Some garden tips for Calgary’s spring season
Spring dashes in and out of Calgary like a mouse checking for crumbs at the cabin. Winter is gone and the earth is warming. Suddenly, winter is back again with flurries and frost.
As the snow melts, jobs in the garden include raking the lawn, cleaning leaves off outdoor beds and making compost. These jobs seem simple enough but wait —
not so fast. The surface of the lawn has to be thawed and that takes longer on
the shady side of the yard.
When it comes to compost, dry, raked grass leaves can be saved and added to compost bit by bit. With so many mango peels all winter and not enough dry leaves, you’ve probably made slime instead of decent compost: the dry lawn bits are the solution to getting the compost system functioning again.
Neighbours start gathering leaves and cleaning up shrub beds now, putting the leaves curbside. I slip by and pick up the leaves until my garden overflows. Again, dry leaves are a great source of carbon. This dry matter, added in layers, compensates for all the greens of lettuce and slimy slippery strawberry hulls spilling from the composter.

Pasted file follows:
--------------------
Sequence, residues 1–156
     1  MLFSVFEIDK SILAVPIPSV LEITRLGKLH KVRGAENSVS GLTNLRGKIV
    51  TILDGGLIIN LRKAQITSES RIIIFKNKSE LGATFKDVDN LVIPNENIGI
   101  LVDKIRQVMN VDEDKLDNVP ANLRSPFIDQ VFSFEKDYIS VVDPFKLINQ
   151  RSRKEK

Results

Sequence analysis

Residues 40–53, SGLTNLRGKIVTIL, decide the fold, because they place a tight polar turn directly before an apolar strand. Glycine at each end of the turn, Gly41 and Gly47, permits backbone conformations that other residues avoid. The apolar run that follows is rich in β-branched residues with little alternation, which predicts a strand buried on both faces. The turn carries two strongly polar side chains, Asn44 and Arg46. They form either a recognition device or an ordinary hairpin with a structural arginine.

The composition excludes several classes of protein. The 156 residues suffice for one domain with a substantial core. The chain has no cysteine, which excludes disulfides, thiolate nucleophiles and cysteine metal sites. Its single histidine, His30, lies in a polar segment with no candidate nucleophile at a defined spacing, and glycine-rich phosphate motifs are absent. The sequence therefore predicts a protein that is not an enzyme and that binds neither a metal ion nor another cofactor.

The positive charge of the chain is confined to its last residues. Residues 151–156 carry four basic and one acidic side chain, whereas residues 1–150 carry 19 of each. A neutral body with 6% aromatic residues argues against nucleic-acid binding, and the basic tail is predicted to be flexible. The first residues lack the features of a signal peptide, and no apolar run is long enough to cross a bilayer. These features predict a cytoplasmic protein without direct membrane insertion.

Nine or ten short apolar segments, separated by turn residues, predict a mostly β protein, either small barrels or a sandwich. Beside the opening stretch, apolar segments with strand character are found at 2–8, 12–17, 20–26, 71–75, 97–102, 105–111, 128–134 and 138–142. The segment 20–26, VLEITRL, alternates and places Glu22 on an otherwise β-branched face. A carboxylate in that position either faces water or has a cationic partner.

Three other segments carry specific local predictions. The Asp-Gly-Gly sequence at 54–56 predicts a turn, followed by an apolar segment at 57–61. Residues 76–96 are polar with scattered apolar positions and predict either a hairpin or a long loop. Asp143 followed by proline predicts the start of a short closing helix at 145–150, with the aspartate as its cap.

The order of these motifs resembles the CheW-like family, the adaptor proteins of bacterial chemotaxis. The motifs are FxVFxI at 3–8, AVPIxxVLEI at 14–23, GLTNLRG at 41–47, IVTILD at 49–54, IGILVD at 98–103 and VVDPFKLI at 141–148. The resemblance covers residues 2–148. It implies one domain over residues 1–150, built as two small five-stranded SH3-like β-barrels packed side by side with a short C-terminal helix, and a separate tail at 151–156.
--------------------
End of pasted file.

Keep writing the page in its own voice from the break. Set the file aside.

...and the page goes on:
If you like to dash out in your Bermuda shorts for a moment of sun and raking, remember it is best to take the house key with you so you can get back indoors once the sun sets. The bugs feel the same way, but their refuge is the leaf pile, so don’t take their home away too soon.
Leaving mats of leaves on the ground until the over-wintering lady beetles have a chance to find their summer homes is better than being the early bird, removing the leaves too soon and accidentally killing off the good bugs.
Beetles emerge from piles of leaves on warm days and retreat again as it
gets cool. I have seen these beneficial beetles with their noses pressed
against the inside of clear plastic bags as they wait curbside to be sent to
If you feel like raking leaves and filling bags, place open bags beside the house instead of sealing and dumping them. The open bags allow the good bugs to come up
for air, escape for a drink of water and retreat back to the bag when arctic
Spring is always on its way in Calgary but won’t officially be here until sometime between Mother’s Day and when the final puck is dropped in the Stanley Cup playoffs.
Meanwhile, there is a fine line between cleaning and keeping
a sustainable garden. Don’t be in a hurry for spring cleanup. Wait to finish the job for the sake of the bugs.
Balzer is a garden writer and speaker. Check out her blog at www.gardenguru.net.